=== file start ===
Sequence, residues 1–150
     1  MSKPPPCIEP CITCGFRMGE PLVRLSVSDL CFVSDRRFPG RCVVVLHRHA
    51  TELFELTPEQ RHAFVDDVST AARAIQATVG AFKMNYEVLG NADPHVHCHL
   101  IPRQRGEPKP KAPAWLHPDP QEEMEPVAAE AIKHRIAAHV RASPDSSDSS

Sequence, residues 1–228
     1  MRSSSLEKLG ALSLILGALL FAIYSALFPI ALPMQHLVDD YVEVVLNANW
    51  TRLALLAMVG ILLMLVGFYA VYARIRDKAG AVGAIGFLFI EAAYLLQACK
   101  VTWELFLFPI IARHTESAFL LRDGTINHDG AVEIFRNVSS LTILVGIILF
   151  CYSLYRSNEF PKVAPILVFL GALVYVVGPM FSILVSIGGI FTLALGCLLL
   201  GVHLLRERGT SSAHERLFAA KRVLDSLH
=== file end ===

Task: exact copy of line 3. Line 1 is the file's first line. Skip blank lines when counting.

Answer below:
    51  TELFELTPEQ RHAFVDDVST AARAIQATVG AFKMNYEVLG NADPHVHCHL